The truth is, of course, that what one regards as interruptions are precisely one’s life. C.S. Lewis
Good Monday Morning to this week 23 of 2019
Dietrich Bonhoeffer writes in Life Together,
We must be ready to allow ourselves to be interrupted by God. God will be constantly crossing our paths and canceling our plans by sending us people with claims and petitions. We may pass them by, preoccupied with our more important tasks. . . .
Interruption, a period of time between two events
a temporary or permanent stop in a process
a situation in which something happens later or more slowly than you expected
a short period of time between two longer periods
a time at which one thing ends completely and a new thing begins
a time during which something interrupts a process or activity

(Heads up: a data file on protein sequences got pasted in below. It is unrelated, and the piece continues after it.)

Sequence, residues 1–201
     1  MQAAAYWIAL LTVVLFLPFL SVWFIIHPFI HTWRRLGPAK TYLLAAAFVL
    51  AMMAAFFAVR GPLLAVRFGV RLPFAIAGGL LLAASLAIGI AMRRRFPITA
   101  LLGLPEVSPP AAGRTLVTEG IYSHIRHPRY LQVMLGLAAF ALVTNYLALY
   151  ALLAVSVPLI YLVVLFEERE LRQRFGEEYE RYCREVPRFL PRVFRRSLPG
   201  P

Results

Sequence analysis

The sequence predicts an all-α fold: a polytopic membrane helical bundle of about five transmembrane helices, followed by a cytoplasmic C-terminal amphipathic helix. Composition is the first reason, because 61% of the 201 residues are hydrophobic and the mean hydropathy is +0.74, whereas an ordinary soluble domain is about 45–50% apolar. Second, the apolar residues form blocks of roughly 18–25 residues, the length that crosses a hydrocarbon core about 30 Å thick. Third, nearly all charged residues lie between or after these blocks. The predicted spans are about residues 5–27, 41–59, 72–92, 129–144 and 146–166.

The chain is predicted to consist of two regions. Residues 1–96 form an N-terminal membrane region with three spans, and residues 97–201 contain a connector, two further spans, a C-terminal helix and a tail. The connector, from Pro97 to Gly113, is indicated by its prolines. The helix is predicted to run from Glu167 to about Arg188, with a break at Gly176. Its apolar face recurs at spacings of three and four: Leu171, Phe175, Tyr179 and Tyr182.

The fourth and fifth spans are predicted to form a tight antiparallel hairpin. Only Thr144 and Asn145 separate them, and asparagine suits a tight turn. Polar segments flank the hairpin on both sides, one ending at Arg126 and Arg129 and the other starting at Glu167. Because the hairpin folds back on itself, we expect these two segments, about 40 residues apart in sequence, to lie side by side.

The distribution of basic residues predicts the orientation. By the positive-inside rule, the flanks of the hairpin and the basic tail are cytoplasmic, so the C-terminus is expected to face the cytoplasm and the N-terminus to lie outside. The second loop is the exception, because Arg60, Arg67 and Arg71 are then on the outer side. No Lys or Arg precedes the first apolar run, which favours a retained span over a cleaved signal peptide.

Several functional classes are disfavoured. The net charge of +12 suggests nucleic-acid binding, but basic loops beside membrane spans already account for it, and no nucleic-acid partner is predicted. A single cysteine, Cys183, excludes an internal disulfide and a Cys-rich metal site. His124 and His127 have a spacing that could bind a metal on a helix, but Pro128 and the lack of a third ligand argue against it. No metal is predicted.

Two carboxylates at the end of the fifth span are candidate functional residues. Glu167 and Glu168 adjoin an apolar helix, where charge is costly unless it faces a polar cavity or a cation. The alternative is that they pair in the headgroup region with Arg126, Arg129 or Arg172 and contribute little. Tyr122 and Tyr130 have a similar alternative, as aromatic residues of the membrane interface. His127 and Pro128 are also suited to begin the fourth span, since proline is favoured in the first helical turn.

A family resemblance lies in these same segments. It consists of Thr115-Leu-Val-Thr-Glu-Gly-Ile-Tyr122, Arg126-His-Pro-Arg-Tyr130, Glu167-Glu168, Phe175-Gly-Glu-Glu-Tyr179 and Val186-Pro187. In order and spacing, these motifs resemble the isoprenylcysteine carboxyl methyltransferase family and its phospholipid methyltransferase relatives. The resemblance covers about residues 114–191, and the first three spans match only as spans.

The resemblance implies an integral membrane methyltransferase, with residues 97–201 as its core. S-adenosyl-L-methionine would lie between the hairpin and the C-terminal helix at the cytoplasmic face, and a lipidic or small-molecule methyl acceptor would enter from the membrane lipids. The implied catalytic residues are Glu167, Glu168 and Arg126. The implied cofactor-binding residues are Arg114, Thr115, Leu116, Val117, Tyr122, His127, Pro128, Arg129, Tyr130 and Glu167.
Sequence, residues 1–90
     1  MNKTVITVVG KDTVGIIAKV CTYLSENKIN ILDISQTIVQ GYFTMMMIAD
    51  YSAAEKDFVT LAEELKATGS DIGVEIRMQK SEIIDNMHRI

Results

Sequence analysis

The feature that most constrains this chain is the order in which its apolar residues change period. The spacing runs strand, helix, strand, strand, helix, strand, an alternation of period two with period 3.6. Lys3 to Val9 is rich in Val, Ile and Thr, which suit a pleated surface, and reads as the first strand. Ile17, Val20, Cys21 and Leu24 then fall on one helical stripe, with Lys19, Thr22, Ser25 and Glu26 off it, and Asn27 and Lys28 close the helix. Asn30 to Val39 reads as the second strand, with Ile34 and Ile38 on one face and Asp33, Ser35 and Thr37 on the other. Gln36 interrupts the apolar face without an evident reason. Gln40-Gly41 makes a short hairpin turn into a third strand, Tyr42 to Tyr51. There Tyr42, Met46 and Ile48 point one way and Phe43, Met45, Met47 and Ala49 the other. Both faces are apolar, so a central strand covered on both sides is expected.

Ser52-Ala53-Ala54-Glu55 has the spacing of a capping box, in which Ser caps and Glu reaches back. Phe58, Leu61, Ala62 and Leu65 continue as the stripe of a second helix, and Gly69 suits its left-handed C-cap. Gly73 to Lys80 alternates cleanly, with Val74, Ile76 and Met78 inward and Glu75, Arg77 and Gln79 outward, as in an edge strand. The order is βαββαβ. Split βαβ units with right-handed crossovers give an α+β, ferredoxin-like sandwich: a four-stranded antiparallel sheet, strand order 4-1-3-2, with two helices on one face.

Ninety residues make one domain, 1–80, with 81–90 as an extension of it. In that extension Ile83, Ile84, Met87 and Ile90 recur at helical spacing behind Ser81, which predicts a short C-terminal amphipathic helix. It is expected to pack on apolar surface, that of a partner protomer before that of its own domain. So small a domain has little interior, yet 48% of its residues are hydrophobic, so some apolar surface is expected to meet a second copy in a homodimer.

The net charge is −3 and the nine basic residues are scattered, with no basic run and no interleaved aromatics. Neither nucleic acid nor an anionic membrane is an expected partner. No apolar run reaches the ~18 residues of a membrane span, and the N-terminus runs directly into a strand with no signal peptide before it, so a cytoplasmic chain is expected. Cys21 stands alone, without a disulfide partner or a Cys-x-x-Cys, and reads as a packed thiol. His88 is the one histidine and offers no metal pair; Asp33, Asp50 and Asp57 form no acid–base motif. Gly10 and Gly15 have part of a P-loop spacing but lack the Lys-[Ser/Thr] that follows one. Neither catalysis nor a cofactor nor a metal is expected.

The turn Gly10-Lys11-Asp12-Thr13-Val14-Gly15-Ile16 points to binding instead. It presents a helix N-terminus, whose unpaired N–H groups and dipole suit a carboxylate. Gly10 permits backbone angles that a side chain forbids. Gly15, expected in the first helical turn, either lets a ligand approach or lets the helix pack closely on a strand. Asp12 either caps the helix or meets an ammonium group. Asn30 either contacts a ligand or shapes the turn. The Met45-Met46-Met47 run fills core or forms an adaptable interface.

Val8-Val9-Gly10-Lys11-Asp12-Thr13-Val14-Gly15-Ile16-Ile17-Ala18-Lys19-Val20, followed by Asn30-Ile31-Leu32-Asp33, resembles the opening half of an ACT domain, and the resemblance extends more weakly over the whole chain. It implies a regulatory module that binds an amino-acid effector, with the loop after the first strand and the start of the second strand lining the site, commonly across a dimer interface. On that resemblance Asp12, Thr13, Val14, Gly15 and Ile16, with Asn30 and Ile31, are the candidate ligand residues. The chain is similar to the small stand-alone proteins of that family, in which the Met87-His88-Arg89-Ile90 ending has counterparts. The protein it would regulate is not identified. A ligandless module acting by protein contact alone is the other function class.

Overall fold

a short time between periods of work in an official organization, especially a court or parliament
a short break in the middle of a play, film, concert etc
a period of time in which you are allowed to change your mind about a contract or agreement that you have signed
Bonhoeffer petitions to stop and allow for interruption — to cultivate a disruption theology, as it were. This benefits both the one doing the interrupting, as well as the person being interrupted because it is in those instances God reveals himself in ways we may never have seen or experienced otherwise. God is erecting visible signs of the cross in our path.
Interruption is God’s invitation. God is inviting us to see him all around us, in the lives of others, in our conversations, in our serving those in need.
When Jesus was interrupted, He started where He was and helped those in need who were nearest to Him. There is always another mission “out there”—the next cause, the next city, or the next country that seems to be the most important mission we could pursue. Jesus illustrates that our greatest mission is often the person in front of us. Dillon Burroughs
I wish you many good interruptions this week!